Divorced or widowed parents might feel excitement or hope when they return to the dating world after decades away. Parents often cannot understand why their adult children have a negative emotional response to the news that they are dating or in a new relationship. In fact, the adult children might not completely understand their own reactions. Intellectually, this adult child, of course, understands that the family unit ended when the parent was widowed or divorced—but some adult children manage to avoid psychologically confronting this fact until the parent starts seeing someone new. This is especially likely if the parent is divorced, not widowed. The adult child might have been telling himself that his parents would get back together eventually.
In fact, the adult children might not completely understand their own reactions.
When a Parent Is Dating Again
Intellectually, this adult child, of course, understands that the family unit ended when the parent was widowed or divorced—but some adult children manage to avoid psychologically confronting this fact until the parent starts seeing someone new. This is especially likely if the parent is divorced, not widowed. The adult child might have been telling himself that his parents would get back together eventually. In these cases, the adult child is looking backward and grieving the loss of the old relationship just as the parent is looking forward in excitement to a new one.
That difference in perspective virtually ensures that they will struggle to see eye to eye. Share the news that you are dating again—or that you are in a relationship—in a calm, private moment. This is an emotionally challenging situation, so be ready to take any reaction in stride.
If you find someone who you think could become a long-term partner, ask your kids if they want to meet this person rather than trying to force a first meeting.
When divorced parents start dating again
Offer the option of waiting to see whether the relationship lasts a while longer before agreeing to meet. Parents often have unrealistic expectations that their new partners will instantly become part of a happy family unit.
That almost certainly will take time if it happens at all. Dissuade your new partner from pushing too hard to form close bonds with your adult children when they do meet. Your partner should be pleasant and polite but should let your adult children take the lead in these relationships. Continue to find as much time as possible for your adult children and your grandchildren—ideally without a date by your side.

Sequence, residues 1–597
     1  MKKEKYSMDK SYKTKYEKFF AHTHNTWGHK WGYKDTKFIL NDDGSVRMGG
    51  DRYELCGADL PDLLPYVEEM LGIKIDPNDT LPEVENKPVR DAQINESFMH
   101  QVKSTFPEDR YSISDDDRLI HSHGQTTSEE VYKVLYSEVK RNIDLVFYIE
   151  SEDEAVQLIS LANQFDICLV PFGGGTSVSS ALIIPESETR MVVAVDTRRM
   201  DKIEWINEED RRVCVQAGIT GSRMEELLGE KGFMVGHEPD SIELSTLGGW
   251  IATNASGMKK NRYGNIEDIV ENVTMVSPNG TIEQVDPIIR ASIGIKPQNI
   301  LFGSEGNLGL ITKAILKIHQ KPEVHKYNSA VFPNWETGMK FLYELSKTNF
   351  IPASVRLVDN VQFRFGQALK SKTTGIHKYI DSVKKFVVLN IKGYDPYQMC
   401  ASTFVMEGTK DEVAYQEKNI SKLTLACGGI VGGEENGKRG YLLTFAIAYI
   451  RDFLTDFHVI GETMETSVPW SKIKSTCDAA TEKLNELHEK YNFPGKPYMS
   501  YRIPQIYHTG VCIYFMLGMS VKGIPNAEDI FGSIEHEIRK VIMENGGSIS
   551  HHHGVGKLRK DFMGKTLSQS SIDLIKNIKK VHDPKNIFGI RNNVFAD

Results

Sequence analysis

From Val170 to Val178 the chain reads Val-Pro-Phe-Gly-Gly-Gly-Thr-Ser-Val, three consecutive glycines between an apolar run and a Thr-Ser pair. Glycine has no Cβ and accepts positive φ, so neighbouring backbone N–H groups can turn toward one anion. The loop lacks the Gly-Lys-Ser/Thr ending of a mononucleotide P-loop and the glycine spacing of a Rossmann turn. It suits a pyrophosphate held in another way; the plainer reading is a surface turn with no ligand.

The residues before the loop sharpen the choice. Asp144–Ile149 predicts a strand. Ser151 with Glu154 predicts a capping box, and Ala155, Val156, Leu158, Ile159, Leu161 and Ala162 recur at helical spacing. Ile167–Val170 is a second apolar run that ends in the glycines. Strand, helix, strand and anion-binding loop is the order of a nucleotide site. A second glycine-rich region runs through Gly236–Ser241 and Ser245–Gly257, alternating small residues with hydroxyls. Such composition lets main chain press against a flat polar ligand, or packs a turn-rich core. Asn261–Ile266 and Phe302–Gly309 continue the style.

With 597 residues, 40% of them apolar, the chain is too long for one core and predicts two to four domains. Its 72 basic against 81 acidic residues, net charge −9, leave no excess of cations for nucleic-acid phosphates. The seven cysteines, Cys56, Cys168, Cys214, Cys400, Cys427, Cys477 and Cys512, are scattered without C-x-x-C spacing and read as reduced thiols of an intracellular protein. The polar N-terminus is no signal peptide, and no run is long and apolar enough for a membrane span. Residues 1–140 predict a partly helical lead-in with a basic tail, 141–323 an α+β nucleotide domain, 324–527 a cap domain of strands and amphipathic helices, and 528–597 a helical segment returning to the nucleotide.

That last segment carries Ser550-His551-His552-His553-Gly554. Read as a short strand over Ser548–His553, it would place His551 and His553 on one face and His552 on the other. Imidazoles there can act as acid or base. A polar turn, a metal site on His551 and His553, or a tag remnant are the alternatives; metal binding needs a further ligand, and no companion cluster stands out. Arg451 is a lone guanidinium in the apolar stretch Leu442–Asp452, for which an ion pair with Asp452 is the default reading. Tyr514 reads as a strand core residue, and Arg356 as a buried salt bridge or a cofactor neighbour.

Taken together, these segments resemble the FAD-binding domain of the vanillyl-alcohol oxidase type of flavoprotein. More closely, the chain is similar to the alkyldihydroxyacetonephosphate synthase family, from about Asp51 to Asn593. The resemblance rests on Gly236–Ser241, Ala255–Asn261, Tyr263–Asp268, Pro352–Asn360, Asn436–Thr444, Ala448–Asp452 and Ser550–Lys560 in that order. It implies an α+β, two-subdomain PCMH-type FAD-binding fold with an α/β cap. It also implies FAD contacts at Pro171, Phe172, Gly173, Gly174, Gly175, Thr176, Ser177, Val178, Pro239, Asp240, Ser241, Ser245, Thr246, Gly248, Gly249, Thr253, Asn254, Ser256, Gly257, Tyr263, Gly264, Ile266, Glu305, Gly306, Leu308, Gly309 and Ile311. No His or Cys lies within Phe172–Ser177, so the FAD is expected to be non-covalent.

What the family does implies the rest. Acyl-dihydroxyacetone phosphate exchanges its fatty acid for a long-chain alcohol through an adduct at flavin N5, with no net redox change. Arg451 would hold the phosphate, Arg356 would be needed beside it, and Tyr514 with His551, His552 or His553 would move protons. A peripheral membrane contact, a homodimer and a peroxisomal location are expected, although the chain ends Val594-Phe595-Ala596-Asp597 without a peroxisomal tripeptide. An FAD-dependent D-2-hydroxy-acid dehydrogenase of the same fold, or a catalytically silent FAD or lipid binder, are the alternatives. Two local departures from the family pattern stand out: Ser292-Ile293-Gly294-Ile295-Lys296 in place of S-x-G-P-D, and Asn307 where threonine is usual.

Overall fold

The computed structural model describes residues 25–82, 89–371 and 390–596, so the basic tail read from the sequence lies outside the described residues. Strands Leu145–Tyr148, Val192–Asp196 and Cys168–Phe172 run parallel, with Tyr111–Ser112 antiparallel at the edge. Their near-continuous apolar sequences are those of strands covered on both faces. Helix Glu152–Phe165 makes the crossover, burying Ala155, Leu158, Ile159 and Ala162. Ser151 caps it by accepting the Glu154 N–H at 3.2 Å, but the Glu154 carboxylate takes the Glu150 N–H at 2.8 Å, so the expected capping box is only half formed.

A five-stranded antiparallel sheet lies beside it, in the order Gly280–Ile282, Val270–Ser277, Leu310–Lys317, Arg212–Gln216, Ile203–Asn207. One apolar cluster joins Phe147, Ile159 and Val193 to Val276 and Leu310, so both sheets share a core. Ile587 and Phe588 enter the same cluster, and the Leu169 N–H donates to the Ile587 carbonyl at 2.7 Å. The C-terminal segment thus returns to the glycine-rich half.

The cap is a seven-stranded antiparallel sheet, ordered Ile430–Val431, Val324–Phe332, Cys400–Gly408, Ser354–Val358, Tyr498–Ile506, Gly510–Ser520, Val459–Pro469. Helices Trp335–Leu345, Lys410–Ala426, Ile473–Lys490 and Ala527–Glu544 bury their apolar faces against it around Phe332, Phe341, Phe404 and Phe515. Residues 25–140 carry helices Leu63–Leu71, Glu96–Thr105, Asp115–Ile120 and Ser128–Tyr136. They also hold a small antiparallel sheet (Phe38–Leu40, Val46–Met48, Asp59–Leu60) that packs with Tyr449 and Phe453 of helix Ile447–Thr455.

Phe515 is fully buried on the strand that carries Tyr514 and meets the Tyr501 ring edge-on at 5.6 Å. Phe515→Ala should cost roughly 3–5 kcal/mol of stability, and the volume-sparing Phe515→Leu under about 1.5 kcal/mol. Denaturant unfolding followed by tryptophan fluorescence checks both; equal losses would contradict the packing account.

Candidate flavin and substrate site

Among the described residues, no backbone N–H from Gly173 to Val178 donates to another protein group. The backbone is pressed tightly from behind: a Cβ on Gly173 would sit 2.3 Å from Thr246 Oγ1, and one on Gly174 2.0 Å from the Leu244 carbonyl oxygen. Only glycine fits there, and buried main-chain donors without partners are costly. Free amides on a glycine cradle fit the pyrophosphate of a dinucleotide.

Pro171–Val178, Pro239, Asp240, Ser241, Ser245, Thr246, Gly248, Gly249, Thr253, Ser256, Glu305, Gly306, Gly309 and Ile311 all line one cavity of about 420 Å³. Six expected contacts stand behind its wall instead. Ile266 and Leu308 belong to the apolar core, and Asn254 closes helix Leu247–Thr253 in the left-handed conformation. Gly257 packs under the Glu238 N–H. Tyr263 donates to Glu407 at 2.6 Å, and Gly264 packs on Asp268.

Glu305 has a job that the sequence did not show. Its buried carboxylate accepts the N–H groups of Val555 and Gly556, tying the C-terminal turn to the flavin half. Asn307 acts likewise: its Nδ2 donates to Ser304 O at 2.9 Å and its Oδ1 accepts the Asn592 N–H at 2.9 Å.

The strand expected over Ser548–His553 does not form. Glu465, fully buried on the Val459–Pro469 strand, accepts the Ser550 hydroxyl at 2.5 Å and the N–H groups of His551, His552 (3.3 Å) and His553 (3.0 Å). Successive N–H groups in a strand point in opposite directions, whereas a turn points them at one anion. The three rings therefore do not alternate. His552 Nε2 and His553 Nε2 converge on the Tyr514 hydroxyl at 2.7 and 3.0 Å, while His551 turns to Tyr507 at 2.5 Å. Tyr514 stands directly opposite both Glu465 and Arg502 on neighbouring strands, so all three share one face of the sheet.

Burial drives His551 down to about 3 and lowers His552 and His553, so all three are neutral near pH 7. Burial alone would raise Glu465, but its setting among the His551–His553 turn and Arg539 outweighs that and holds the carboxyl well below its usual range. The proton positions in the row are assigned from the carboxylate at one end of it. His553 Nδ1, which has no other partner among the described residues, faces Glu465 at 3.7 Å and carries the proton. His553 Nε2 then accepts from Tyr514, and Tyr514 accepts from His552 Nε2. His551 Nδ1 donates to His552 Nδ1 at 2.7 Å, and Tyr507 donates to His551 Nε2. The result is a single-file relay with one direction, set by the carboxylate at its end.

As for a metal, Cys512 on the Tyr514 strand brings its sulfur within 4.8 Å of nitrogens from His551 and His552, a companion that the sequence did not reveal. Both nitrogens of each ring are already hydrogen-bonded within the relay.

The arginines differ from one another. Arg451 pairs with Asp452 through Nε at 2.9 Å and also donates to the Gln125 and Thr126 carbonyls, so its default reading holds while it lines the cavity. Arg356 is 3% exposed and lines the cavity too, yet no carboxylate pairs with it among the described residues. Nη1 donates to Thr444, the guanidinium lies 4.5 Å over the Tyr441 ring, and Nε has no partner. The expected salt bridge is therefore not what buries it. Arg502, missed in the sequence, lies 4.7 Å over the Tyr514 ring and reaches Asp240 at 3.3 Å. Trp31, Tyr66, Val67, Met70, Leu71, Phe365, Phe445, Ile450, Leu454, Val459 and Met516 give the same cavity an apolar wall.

When parents of adult children start spending time dating, they often spend less time with their children and grandchildren. Reassure your adult children that your money is safe. Relatively savvy people sometimes do fall victim to dating scams, and when they do, their entire families can pay the price.
Or you could agree to work with an estate planner or some other trusted financial adviser to make sure that your money remains in your family. Reminisce with your adult children about the old days when your original family was intact.
This subtly reinforces the sense that your search for a new relationship does not invalidate the family unit of their youth.
Do not discuss your sex life with your adult kids.Dating After Divorce: Single Parent Problems: Dating advice for women
It is surprisingly common for parents to share details about their revitalized sex lives with their adult children when they return to the dating scene. Children may feel they have been abandoned again and experience a renewed loss when parents spend time with another adult.
Finding extra time for the child while seeing a new person is difficult, but important.
Children may feel anger at being forced by adults to make another adjustment. How children act out this anger depends on their developmental stage. Clear and sensitive communication is the key to helping children cope with the adjustment. Children may feel anger that parents have their own rules for sexual behaviour and enforce what may seem like different rules for their children.
Teenagers are especially likely to feel that while they have curfews or have to date people their parents know and approve of, their parents seem to follow a different standard. Explain that there are two sets of rules — one for adults and one for teenagers — and explain why this is so. Children may feel anger at the loss of privacy. Children need space they can call their own. Whatever the circumstances, dating may trigger emotions that are similar for both parents and children.
They may be fearful of being hurt again, worry that they may not be loved by the new person, and have concerns about how the new person will fit into their lives. Parents can use this new situation as an opportunity to talk about how adults — just like children — need peer interaction with people their own age, and supportive relationships. If the marriage ends after one parent leaves the relationship for another partner, children may feel particularly betrayed and angry.
Children in these families will need plenty of opportunities to express their confusion and feelings — a difficult task for a parent who may be experiencing similar emotions. It is important that new partners respect that space and treat children as individuals in their own right. Divorce is a very challenging situation for all family members.